Harder, Better, Faster, Stronger

By Rhea Borja Photo by Kirby Lee

From Winter 2011: Mental conditioning professional Trevor Moawad ’95 M’01 maximizes athletes’ potential by unlocking the power of the mind

Editor's note: Trevor Moawad '95 M'01 passed away on September 15, 2021, after a two-year battle with cancer. This story was originally published in the Winter 2011 issue of Occidental magazine.

Growing up with a well-known motivational speaker for a father—Bob Moawad, former president of the National Association for Self-Esteem and an original contributor to the Chicken Soup for the Soul series—Trevor Moawad ’95 M’01 learned many important lessons at home. “My dad always told me that the problem with most people is that they live their lives as if they go into a grocery store without a shopping list,” he recalls. “So I learned quickly that where I wanted to go and what I wanted to do was going to depend largely on me.”

Moawad (standing to the left of Alabama fullback Baron Huber, No. 40) cheers the Crimson Tide to their first national championship in 18 years in January 2009.
The elder Moawad, who died in 2007 after a seven-year battle with cancer, remains a big presence to his son. Cheering on the sidelines of the Rose Bowl last January when the University of Alabama Crimson Tide rolled over the Texas Longhorns to win their first national football championship in 18 years—the culmination of four years of work with coach Nick Saban’s squad—Trevor remembers looking up at the sky and thinking, “This one’s for you, Dad.”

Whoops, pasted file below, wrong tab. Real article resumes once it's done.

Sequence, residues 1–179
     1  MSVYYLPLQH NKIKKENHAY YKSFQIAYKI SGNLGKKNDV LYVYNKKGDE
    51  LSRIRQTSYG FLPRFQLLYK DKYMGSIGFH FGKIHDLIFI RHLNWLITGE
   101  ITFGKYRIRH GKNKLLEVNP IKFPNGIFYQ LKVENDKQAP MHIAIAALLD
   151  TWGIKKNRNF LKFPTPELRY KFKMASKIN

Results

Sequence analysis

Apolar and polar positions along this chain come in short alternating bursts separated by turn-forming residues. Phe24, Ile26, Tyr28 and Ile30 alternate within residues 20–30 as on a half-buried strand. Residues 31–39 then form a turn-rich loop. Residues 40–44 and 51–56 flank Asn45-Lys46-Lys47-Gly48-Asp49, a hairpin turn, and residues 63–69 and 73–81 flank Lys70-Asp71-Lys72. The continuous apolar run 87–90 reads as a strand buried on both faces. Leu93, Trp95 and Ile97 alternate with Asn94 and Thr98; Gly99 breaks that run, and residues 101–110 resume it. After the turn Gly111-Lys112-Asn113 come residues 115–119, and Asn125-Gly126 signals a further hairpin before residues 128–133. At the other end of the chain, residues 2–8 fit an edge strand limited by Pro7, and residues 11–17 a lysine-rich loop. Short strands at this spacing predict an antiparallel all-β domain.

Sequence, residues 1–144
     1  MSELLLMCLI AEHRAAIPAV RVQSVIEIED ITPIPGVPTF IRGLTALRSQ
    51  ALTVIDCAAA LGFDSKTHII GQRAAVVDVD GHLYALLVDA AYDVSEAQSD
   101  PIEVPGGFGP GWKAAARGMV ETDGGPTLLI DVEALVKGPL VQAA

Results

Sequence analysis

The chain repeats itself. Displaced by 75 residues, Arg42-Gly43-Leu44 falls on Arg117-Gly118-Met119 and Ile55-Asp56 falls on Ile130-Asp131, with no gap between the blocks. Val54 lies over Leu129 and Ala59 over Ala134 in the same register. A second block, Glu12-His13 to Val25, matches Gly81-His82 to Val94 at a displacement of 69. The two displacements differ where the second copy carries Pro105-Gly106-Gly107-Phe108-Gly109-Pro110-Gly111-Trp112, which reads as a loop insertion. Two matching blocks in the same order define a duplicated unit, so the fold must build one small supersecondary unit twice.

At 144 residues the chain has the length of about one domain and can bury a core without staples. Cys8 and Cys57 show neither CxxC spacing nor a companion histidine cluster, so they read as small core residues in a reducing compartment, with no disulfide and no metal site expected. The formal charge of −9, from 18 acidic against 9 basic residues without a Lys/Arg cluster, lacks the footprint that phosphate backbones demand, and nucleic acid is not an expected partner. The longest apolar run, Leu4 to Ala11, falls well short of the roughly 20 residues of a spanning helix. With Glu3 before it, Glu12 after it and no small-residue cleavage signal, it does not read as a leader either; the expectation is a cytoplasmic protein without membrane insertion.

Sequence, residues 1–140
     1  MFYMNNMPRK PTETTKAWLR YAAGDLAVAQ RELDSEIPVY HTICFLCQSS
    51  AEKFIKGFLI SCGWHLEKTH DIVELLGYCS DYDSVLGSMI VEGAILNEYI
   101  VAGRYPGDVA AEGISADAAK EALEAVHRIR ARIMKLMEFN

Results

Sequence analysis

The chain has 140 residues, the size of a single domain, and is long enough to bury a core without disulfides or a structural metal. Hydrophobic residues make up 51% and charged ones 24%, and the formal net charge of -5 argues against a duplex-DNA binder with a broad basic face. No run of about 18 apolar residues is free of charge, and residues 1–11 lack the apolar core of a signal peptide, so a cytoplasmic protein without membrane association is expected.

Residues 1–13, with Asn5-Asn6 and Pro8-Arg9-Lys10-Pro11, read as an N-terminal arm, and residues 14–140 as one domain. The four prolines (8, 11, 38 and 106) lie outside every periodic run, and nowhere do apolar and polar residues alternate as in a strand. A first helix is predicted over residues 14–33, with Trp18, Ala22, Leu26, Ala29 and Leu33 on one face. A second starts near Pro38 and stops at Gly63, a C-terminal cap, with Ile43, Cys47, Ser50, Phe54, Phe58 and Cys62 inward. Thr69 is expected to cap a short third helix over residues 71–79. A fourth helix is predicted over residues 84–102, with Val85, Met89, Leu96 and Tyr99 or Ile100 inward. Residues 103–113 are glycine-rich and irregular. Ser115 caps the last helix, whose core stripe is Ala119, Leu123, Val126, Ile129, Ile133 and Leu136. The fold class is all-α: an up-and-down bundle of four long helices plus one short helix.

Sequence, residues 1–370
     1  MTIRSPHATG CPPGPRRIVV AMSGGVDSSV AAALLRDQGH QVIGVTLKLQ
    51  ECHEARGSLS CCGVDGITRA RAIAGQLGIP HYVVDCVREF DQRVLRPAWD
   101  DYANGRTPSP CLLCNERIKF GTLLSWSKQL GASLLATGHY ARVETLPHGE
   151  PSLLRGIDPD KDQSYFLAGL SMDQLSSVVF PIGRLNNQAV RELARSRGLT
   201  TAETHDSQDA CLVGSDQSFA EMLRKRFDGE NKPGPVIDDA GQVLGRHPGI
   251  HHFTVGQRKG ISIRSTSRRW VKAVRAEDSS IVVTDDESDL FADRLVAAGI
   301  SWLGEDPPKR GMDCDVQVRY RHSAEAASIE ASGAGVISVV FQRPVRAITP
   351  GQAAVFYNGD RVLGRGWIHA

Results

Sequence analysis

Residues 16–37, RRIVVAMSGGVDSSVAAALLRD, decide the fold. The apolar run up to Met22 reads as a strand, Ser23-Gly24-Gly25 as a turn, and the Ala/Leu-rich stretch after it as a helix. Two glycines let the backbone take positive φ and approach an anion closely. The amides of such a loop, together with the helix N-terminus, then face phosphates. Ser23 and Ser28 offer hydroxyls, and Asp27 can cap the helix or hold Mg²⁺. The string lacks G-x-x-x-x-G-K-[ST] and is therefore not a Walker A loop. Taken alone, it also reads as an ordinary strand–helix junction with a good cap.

As director of the IMG Performance Institute in Bradenton, Fla., Moawad manages a squad of employees who boost both amateur and professional athletes’ leadership, communication, and mental-conditioning skills, as well as regulate their nutrition and vision, improve their physical conditioning, and maintain their overall health. “Our belief is that you don’t have to be sick to get better,” he says.

Moawad employs an array of positive reinforcement tools, including motivational videos, pep talks, concentration tests, common-sense advice, and text messaging, The long list of pro athletes he has helped in­cludes tennis great Serena Williams, teenage soccer phenom Freddy Adu, U.S. men’s national soccer team member Jozy Altidore, and the Miami Dolphins football team.

Seven months after the Crimson Tide won the Bowl Championship Series title game, Moawad told the Alabama players that it was time to get back to work—that last year’s champions are last year’s news. “You earned your right to be here; that’s great,” he said. “Now you have to earn your right to stay here.”

He encouraged them to concentrate on details that add up to a big payoff on the field: getting enough sleep, eating right, reviewing game films, helping out teammates, and working hard. “Success,” Moawad said, looking at each player seated before him, “needs to sustain itself with more success.”

Academics didn’t come easy to the Seattle native, who spent so much time at Occidental studying in Clapp Library that he had his own carrel. “Oxy was a difficult school for me,” Moawad says. “So I outworked the average student.”

He brought that same work ethic to the athletic field. At basketball or soccer practice, he was often the first player to arrive and the last to leave. At 5'11", he didn’t outdunk, outblock, or outscore his opponents—and, lacking the lightning-quick speed of some of his rivals, he didn’t outrun them, either. But he asked his coaches to help mitigate his weaknesses and improve his strengths. He studied how pro players elevated their game and incorporated those skills into his own. And he tried to maintain a positive attitude. “I gave every ounce I could give,” Moawad says. “I had a significant desire to be the best I could be.”

Colm McFeely, the Tigers’ assistant soccer coach at the time, remembers Moawad’s unbridled enthusiasm. When Moawad first approached him and head coach Costa Nicolaou on the lower soccer field and said he’d like to play for the Tigers, he noticed a soccer ball lying on the grass. “Well, he took that ball and screamed toward the halfway line at 100 miles per hour,” McFeely recalls. “He jumped up in the air to kick the ball—and fell down on the flat of his back.”